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Bishops to create migrants’ desk in parishes

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Archbishop Socrates Villegas, CBCP president (center) (Photo: Roy Lagarde)

MANILA, July 16, 2015— The Catholic Church seeks to expand its migrants’ ministry by setting up a system that will assist Filipinos who want to work abroad from the diocesan level down to the parishes.

In a pastoral letter, the bishops said they want to help ease problems of Filipino workers and their families if they should get into trouble while overseas.

“The ministries for the pastoral care of migrants and their families should set up desks in every parish where regular seminars can be given to persons who plan to work abroad,” said Archbishop Socrates Villegas, CBCP president.

No crimes

“The persons manning these desks must be trained in their tasks, and thus should also have gone through the proper paralegal courses with the private and government agencies involved in labor migration and foreign travel,” he said.

According to them, the ideal is for Filipinos who have families to be with them and work in our country and not have to be compelled by economic reasons to work abroad.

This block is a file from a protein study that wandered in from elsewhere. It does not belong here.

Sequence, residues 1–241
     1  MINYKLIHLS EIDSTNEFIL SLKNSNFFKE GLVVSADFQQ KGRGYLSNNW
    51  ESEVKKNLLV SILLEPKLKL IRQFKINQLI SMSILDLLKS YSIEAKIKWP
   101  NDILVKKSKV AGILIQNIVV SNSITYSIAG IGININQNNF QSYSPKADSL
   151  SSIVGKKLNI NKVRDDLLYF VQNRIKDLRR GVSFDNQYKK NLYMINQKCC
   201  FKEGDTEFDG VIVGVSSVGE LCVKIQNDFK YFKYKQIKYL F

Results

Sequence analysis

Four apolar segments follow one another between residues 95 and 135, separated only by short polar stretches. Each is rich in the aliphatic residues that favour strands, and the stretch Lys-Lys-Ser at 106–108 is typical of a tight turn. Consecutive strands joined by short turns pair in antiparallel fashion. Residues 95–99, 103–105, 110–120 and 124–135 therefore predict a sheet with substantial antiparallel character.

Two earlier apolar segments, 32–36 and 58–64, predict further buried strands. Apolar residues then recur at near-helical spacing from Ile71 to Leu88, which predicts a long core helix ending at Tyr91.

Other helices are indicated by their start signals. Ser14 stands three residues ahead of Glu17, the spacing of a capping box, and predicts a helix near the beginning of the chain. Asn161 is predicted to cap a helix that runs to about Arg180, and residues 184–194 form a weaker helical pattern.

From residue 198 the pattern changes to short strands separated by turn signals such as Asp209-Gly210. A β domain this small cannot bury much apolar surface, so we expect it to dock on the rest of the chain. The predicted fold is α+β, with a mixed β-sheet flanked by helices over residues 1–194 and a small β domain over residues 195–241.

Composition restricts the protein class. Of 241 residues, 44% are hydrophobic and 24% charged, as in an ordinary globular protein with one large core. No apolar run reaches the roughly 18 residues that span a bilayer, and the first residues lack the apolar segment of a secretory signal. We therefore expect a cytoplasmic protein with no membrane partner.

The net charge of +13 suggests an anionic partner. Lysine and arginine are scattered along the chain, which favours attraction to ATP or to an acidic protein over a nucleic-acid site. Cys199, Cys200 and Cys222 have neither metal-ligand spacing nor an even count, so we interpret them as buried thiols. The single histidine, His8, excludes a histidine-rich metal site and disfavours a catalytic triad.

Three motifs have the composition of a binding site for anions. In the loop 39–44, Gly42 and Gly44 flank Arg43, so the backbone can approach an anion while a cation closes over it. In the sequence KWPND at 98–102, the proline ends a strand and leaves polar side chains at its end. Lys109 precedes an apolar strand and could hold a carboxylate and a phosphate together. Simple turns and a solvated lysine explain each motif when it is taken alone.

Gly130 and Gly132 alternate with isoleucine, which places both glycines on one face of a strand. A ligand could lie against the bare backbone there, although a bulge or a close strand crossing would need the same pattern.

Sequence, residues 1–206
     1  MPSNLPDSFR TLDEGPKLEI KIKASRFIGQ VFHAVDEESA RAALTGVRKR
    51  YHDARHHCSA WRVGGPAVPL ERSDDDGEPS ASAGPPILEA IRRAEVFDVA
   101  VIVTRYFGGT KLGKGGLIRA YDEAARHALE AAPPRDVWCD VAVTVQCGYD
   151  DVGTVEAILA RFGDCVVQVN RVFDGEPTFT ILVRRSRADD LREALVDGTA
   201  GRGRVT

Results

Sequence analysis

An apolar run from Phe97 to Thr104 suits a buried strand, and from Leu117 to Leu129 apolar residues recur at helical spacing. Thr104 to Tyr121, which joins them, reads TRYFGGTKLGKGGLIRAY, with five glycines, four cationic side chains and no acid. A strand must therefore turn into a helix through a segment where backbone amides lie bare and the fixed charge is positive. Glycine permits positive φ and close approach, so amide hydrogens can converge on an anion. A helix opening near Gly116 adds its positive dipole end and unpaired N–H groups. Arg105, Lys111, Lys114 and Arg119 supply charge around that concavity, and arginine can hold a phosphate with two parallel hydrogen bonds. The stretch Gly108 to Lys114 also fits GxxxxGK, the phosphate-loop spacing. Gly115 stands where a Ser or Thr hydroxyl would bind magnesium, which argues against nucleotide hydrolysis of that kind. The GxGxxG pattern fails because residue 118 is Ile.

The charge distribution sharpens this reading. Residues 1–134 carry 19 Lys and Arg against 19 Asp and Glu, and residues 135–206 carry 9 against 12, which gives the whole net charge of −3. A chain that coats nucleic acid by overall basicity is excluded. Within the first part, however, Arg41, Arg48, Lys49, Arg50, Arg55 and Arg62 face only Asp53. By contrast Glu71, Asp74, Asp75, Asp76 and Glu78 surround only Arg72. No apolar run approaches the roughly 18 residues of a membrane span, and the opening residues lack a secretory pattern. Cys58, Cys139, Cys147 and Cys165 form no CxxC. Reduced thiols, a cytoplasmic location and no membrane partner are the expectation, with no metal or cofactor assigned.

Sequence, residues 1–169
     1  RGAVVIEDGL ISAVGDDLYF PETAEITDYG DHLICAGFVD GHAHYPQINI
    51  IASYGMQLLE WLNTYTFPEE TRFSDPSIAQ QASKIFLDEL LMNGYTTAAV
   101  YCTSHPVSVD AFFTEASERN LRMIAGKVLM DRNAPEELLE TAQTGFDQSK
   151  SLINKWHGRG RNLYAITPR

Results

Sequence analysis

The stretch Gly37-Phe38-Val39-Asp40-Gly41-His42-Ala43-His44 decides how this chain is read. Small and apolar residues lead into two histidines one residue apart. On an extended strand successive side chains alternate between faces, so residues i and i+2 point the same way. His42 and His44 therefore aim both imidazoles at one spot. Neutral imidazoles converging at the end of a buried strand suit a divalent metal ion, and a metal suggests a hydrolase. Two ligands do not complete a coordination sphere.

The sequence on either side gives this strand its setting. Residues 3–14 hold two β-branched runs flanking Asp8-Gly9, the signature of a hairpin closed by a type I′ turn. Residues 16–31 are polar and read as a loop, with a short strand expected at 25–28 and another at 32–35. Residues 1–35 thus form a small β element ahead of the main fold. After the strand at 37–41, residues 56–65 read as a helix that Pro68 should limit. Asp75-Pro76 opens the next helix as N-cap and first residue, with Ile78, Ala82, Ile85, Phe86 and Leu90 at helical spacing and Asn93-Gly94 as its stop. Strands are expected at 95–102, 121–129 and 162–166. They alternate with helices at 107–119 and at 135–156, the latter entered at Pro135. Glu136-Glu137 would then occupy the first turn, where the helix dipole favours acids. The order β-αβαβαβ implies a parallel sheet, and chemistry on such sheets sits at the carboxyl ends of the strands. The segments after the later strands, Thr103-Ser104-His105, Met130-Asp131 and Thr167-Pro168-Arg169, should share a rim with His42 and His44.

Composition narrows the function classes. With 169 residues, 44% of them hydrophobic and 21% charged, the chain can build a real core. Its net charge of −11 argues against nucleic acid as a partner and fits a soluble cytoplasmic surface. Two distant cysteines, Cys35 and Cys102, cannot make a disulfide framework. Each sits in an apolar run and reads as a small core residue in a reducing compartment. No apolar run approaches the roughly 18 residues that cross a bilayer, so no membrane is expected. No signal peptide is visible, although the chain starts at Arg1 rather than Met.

“But the increasingly global nature of the economy should also provide and ensure that work and travel should be safe and not be a channel for criminal activity,” they said.

The plan was the result of the bishops recent plenary assembly where they discussed the case of convicted drug mule Mary Jane Veloso.

The bishops said Veloso’s “dire situation” showed the existence of syndicates that recruit the people to carry out their crimes.

Case of Mary Jane Veloso

The Department of Justice (DOJ) has earlier approved the filing of charges against the recruiters of Veloso who allegedly duped her into serving as a drug mule.

Bishop Ruperto Santos, chairman of the CBCP’s Episcopal Commission for the Pastoral Care of Migrants and Itinerant People (ECMI), said the DOJ’s move could save Veloso from Indonesia’s death row.

The ECMI is coordinating the church’s programs and has a network nationwide to promote a ministry for migrants.

To date, 80 percent of the dioceses in Luzon have a migrants’ desk, 70 percent in the Visayas, and about 50 percent in Mindanao.

The bishops hope that in creating migrants’ desks in the parishes, the Church could fully protect the interest of OFWs and their families. (CBCPNews)


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